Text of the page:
Tips for Modeling Positive Teaching Styles
We’ve all spent a significant amount of time wanting to write, just like our first writing teacher, or really any teacher ever.
Kids were always asked to write during every subject. We were expected to read everything, and we were taught to write it down, from the beginning. But we didn’t ever come into the classroom and suddenly do it.
Maybe they have an inkling that they might write someday, but it would be years before they started to dream about what they’d do, how they’d travel, and who they’d meet. And yes, when they start writing, they’ll be dragging the rest of the class along, too.
Letting them teach is an amazing way to build confidence in them and help them to learn through relationships. Whether it’s because they know they’ll inspire others to write, because they’ll be giving someone a valuable memory, or because they’ll be sharing something that matters to them, the motivation behind teaching is still there.
The kind of personality kids gain from teaching other kids has to be witnessed to be believed. And there are some hints to making teaching a positive experience.
Many students are very focused on the task, and are in the present moment with their teammates. It’s easy to give them direction for this reason. But while they were meant to be guided, they’re also learning on the inside. And they need to let it all out.
Kids who enter the classroom as presenters are more likely to succeed, and they’re able to share their thoughts, ideas, and fears more easily. This is why leading the team writing by example is so important. Kids who are more invested and who connect well with their students will be able to inspire them to become their best, and ultimately those other kids will be more likely to respect their work, produce their best, and go out of their way to tell other children to enjoy their work.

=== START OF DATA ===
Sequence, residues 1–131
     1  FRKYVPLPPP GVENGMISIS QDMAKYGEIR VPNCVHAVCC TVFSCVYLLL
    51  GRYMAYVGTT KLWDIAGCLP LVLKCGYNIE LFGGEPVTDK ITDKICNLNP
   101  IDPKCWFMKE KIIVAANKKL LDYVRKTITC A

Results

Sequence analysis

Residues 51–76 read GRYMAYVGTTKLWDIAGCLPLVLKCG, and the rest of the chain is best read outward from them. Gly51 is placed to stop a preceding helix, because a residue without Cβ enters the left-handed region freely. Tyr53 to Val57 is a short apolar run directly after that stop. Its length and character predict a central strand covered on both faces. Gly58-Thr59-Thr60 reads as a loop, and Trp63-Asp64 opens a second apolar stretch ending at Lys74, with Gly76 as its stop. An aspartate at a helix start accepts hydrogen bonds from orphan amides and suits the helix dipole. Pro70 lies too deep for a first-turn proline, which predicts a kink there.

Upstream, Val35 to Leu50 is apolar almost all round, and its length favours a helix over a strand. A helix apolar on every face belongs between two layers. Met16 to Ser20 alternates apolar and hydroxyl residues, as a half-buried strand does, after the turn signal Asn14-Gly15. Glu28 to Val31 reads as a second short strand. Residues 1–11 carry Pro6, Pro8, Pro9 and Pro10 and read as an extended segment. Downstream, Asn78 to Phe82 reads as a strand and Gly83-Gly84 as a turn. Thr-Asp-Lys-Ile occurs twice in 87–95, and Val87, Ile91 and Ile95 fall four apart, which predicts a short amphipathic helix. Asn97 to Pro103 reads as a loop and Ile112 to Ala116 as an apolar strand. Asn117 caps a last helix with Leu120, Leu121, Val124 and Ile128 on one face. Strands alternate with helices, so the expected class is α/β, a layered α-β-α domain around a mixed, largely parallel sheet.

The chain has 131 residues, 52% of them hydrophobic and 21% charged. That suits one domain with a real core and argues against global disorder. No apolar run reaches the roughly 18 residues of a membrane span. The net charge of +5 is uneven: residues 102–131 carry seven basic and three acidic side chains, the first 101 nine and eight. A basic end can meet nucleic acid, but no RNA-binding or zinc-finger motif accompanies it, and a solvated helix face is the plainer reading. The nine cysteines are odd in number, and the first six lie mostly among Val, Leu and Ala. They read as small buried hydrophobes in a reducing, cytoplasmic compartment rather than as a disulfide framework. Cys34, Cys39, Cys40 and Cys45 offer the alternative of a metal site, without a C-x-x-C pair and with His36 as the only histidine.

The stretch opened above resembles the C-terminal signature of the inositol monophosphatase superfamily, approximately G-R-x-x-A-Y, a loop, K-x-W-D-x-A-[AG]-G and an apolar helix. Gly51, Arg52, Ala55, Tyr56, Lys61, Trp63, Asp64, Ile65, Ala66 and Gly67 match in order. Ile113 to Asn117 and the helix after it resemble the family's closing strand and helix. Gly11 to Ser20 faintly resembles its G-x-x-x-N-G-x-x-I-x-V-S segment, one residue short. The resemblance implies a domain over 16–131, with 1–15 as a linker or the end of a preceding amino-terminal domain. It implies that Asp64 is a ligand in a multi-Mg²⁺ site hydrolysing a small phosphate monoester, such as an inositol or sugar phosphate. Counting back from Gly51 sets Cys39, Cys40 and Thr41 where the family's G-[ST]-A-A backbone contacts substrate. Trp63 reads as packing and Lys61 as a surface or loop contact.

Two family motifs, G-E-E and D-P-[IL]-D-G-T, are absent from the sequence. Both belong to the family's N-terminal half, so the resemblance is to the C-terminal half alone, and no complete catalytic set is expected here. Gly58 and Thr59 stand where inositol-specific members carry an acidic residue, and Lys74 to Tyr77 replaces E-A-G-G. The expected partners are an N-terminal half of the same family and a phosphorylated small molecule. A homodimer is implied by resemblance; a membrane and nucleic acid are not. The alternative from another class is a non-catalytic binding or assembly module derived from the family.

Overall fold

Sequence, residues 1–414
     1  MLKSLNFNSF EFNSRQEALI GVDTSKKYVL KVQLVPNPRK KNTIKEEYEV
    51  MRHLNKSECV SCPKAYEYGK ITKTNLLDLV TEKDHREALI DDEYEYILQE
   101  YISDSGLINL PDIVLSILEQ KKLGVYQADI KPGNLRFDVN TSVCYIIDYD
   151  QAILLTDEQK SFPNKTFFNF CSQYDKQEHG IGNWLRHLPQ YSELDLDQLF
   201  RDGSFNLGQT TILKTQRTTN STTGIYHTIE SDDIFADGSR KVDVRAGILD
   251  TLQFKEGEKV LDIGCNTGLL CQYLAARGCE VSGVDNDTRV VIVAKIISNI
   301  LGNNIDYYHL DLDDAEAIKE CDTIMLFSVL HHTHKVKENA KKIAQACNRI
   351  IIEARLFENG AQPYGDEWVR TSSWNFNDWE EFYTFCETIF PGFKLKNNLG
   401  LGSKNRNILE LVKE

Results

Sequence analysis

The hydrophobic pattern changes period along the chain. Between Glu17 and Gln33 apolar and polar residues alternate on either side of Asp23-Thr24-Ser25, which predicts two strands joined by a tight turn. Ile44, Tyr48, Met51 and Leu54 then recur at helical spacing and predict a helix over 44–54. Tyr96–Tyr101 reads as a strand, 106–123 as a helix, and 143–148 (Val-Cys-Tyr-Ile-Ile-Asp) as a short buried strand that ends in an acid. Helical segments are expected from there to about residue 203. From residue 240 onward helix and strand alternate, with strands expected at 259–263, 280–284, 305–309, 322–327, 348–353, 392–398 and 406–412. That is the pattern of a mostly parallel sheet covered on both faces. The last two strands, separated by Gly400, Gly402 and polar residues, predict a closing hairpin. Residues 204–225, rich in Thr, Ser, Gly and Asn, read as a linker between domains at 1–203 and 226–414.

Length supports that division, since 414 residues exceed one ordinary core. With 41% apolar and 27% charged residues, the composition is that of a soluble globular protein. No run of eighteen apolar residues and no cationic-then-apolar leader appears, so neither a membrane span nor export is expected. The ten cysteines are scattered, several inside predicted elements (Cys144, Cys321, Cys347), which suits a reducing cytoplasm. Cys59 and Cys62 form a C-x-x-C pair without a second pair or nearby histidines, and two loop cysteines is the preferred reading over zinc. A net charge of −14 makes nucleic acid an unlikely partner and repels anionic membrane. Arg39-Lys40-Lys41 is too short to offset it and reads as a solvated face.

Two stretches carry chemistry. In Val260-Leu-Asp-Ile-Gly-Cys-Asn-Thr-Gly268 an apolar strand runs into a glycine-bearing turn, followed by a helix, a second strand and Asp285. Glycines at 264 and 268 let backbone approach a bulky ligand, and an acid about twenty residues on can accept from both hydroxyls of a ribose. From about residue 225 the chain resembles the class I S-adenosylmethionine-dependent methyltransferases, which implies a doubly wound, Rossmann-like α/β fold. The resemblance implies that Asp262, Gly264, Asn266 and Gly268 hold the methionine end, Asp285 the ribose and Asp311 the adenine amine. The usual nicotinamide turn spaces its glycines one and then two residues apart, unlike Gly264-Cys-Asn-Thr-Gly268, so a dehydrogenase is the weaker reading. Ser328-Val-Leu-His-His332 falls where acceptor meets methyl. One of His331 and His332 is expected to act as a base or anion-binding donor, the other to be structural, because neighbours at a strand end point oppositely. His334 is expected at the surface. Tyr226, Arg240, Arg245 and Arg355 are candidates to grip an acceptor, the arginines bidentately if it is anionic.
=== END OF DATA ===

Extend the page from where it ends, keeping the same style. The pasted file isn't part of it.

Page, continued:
The best way to follow their lead is to start by leading by example. You don’t have to leave the room, but you should keep the script on hand or you should have a copy of it with you. Every day, you can grab a chalk marker and put it by the table, maybe a piece of paper, maybe just give it to your child so they can practice.
And the more that they practice, the more confident they’ll become. This method, along with walking the talk, is sure to help kids get their next class assignment off the ground quickly. Plus, it’s a chance to teach your own personal story, too.
Teaching children to be the first to read and to read themselves, leaves them better able to teach and serve them in any opportunity. It’s just the way kids are wired.
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